KOCHI: April 9, 2011. Jawaharlal Nehru International Stadium. When Brendon McCullum pulled a Dirk Nannes delivery high into the stands in the second over, one man was particularly delighted. Hamsa P K, the assistant curator. Away from delirious fans and flash bulbs, watching from their burrow at the massive venue, he and his team were entitled to it. For the pitch for the first cricket match there since its renovation was proving a good one. The IPL game between Kochi Tuskers Kerala and Royal Challengers Bangalore went on to produce over 320 runs in total with 12 sixes and 25 fours. And RCB captain Daniel Vettori termed it “a good cricket wicket.” As good a compliment a groundsman could wish to hear.
Ten years on, Hamsa is Kerala Cricket Association’s chief curator. What’s more, the Kochiite is one of just two Keralites -- alongside Mohanan T of Perinthalmanna -- who figure in the Board of Control for Cricket in India’s pool of neutral curators for national competitions, including the Ranji Trophy. While he made the cut in the 2017-18 season, his latest assignment was the Vijay Hazare Trophy one-day championship in February, at the VB Nest Ground in Chennai.
“While playing local cricket, I never thought I would grow to a position where a chauffeur-driven car would be waiting for me at airports,” says the down-to-earth Thammanam resident. “That I’m making a living out of cricket, and getting the opportunity to meet the players that we have long admired, is a fabulous position to be in.”
In the Ernakulam cricket circles, Hamsa was a familiar figure. First as a player with clubs like Sharon CC and Ernakulam CC. Having started off as a leg-spinner while playing for Maharaja’s College, he shifted to medium pace in club cricket. Then he picked up umpiring, going on to head the umpires department with the district cricket association. Finally, he met his ‘career’ – the cricket pitch. In 2010, he started assisting P V Ramachandran, the then KCA chief curator. And the cricket ground became his ‘science’ university, going on to acquire the BCCI curator certification in 2014.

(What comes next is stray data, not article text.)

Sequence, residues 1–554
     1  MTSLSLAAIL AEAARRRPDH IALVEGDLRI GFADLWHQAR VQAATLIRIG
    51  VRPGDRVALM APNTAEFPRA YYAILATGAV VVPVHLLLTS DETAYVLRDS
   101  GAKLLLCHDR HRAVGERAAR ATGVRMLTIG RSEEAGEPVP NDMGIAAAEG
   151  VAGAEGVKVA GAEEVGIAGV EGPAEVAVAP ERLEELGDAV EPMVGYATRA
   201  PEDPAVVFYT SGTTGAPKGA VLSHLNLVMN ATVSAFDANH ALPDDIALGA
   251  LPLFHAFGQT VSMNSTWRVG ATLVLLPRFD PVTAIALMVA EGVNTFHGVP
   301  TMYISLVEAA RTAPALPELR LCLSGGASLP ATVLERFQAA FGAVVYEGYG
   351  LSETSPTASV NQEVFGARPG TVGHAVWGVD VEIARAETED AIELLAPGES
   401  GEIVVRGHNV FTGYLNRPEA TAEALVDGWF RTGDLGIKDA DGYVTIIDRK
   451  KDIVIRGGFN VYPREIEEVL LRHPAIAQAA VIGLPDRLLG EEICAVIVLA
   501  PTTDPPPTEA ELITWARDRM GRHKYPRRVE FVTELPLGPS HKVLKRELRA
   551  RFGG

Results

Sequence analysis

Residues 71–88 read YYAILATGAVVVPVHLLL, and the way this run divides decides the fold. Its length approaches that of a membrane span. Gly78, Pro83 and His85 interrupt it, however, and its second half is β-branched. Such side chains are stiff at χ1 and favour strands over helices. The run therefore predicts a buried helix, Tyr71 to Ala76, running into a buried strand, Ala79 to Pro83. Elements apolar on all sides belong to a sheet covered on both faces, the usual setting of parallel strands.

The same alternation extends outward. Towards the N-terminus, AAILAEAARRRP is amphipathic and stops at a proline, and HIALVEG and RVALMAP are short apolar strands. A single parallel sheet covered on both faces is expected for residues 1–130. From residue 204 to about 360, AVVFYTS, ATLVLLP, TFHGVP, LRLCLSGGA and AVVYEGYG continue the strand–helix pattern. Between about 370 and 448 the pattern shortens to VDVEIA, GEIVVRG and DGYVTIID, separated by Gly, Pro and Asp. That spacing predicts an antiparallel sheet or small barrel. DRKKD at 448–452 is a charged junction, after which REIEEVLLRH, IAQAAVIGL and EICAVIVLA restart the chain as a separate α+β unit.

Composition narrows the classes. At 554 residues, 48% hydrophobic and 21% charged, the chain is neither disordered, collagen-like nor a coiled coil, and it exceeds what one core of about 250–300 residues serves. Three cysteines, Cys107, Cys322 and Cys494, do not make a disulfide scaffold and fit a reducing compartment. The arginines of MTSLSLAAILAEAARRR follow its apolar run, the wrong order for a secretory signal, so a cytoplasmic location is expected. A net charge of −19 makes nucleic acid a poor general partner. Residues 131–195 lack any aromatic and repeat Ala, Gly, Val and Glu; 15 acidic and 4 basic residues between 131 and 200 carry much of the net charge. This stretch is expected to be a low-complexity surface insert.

“A wicket is a life. The grass on it is its life. A curator needs to respect that factor while making decisions to get the grass and the soil to bind in the manner desired to produce a good wicket,” Hamsa says.The 44-year-old says the job requires commitment and a willingness to keep updating. Constantly.
“Once into it, the science behind it becomes a part of life, from climate to fertiliser application. The type of soil and clay used and the amount of water and sunshine falling on it need to be carefully monitored,” he says. Significantly, he says, there is a concerted effort by the BCCI to bring in the latest innovation in groundskeeping technology and its cricketing application to the grounds in the country.
“We get regular courses from experts in the field. The organisational support, both at the state and national levels, is huge. There is always an opportunity for those willing to work hard to progress,” he says.
Hamsa believes the demand for curators is set to rise in the next few years. “Now that Kerala is doing well, and our players are getting noticed nationally, local clubs have realised the importance of providing youngsters with good training facilities. Towards that end, a turf wicket has come to be regarded as a must-have at every training venue. And to maintain a proper cricket pitch, there has to be dedicated staff. That’s where a trained curator comes in,” he says.